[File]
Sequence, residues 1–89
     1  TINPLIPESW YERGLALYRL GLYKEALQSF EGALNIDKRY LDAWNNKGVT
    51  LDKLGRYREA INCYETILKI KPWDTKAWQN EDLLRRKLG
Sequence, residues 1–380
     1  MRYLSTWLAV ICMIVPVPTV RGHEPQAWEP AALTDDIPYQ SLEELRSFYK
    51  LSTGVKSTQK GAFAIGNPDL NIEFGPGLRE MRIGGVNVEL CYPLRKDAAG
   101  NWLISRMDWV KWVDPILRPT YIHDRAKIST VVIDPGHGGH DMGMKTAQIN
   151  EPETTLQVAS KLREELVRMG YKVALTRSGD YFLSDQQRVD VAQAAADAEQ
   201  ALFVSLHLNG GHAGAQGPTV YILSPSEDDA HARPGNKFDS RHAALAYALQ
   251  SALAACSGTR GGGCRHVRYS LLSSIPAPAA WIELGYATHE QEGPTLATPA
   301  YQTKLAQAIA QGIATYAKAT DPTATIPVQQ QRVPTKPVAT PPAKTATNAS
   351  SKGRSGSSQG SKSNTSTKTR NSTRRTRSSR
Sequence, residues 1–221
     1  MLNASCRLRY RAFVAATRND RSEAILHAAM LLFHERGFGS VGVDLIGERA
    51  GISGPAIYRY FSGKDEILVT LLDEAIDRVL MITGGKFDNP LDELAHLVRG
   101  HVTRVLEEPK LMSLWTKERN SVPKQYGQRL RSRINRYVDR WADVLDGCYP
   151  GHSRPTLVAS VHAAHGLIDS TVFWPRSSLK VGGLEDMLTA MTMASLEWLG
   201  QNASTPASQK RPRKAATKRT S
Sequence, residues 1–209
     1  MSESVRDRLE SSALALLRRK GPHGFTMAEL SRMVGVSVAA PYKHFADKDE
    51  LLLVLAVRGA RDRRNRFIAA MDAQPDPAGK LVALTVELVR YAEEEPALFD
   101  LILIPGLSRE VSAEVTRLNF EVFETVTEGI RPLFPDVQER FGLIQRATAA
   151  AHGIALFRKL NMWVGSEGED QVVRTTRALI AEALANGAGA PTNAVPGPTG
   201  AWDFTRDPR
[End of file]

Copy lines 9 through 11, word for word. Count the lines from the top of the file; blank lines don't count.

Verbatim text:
   201  ALFVSLHLNG GHAGAQGPTV YILSPSEDDA HARPGNKFDS RHAALAYALQ
   251  SALAACSGTR GGGCRHVRYS LLSSIPAPAA WIELGYATHE QEGPTLATPA
   301  YQTKLAQAIA QGIATYAKAT DPTATIPVQQ QRVPTKPVAT PPAKTATNAS